By Carlos González–Bueno and Laura Lozano, González-Bueno & Asociados, Madrid.
It is commonly understood that Latin American countries have played an important dominant role as respondents in ICSID cases. This has led to the withdrawal from the ICSID Convention by several Latin American countries. Interestingly, however, according to recent ICSID statistics, cases filed against Latin American countries have decreased. In this regard, only 3 requests for arbitration have been filed against Latin American countries while 8 have been filed against European countries and 4 against African countries in the current year. Is it the beginning of the end of ICSID investor-state arbitration against Latin American countries? If so, which countries are now sitting under the ICISID forum as respondents?
1. Latin America
According to ICSID caseload statistics, Latin American states have now been parties to approximately 35% of the total of the 474 cases registered at ICSID since its founding in 1966. It is remarkable that so far only 3 out of the 15 cases registered at ICSID in 2014 have been filed against Latin American countries: two against Venezuela and one against Costa Rica. This seems to follow the trend of 2013 when only 6 out of the 40 cases registered were initiated against Latin American countries. Such figure indicates a sharp decrease compared with 2012, when 12 cases were registered against Latin American countries, being Venezuela sued 9 times.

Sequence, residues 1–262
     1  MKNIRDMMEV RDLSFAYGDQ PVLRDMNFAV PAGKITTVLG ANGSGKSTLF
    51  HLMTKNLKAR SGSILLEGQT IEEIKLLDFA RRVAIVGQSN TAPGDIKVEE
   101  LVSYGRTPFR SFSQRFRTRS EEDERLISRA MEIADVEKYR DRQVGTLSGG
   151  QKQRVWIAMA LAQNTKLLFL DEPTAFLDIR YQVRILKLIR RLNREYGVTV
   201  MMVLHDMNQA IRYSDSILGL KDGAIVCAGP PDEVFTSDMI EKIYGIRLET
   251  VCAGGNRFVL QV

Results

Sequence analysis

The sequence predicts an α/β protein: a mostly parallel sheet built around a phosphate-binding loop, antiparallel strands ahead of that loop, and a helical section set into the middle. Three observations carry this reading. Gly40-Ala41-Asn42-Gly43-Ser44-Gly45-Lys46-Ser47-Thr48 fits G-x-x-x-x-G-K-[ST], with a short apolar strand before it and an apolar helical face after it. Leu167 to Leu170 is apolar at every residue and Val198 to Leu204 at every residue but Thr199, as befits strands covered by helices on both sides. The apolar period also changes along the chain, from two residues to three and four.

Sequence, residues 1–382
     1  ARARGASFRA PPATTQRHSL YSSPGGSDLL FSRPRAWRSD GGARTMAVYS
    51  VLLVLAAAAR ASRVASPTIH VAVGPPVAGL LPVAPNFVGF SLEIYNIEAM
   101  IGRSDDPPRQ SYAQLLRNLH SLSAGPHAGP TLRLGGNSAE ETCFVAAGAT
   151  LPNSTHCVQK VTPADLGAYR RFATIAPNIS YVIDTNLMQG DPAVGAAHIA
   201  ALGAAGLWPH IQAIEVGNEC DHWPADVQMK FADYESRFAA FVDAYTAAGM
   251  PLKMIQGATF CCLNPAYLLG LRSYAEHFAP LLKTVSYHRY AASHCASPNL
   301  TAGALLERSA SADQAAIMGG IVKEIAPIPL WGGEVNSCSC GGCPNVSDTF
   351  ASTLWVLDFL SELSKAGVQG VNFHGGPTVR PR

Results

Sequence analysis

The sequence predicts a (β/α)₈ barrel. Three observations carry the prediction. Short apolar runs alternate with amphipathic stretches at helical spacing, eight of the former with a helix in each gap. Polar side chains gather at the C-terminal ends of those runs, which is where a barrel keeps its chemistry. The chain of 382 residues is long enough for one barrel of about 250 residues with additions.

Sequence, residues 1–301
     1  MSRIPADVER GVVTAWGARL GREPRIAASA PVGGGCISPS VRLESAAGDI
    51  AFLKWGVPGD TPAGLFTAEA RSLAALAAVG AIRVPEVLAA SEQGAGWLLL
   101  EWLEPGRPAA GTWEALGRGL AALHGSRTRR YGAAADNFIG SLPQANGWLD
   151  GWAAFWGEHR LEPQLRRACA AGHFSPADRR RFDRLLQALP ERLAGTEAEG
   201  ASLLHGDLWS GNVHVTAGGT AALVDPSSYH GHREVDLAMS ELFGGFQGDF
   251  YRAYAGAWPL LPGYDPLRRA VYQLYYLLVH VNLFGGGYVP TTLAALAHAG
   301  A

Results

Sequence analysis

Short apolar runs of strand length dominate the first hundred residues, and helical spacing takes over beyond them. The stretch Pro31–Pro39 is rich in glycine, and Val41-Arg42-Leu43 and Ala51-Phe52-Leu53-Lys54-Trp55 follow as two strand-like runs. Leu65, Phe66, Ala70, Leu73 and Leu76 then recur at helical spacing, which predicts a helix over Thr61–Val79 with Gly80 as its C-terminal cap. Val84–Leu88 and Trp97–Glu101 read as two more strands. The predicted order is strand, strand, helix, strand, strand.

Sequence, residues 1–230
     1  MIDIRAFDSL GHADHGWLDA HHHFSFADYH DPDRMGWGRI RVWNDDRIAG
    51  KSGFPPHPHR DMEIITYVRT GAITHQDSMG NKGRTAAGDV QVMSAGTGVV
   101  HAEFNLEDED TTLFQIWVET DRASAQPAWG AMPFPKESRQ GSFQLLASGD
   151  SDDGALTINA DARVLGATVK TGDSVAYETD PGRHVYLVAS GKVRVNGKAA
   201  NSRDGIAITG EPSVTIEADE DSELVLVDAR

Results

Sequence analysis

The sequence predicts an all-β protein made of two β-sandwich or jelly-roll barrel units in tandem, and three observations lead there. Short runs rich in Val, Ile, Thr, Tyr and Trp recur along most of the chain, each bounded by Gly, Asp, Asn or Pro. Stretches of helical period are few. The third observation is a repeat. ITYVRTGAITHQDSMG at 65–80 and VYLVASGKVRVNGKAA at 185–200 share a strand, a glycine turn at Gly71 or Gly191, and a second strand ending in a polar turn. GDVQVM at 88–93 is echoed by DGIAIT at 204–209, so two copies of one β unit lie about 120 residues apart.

This decrease could be explained by the fact that some Latin American countries seem to be taking conciliatory steps and projecting a more investor-friendly stance. Indeed, one of the most traditionally hostile countries regarding the enforcement of ICSID awards, Argentina, has recently settled with Repsol, agreeing on a US$5 billion payment in sovereign bonds as compensation for the nationalization of the oil and gas operator YPF. Similarly, Paraguay settled a long running ICSID claim issuing around US$21 million in treasury bonds to French investors last year. Such measures have reinforced a more positive image and seem to reflect a bigger commitment towards foreign investors.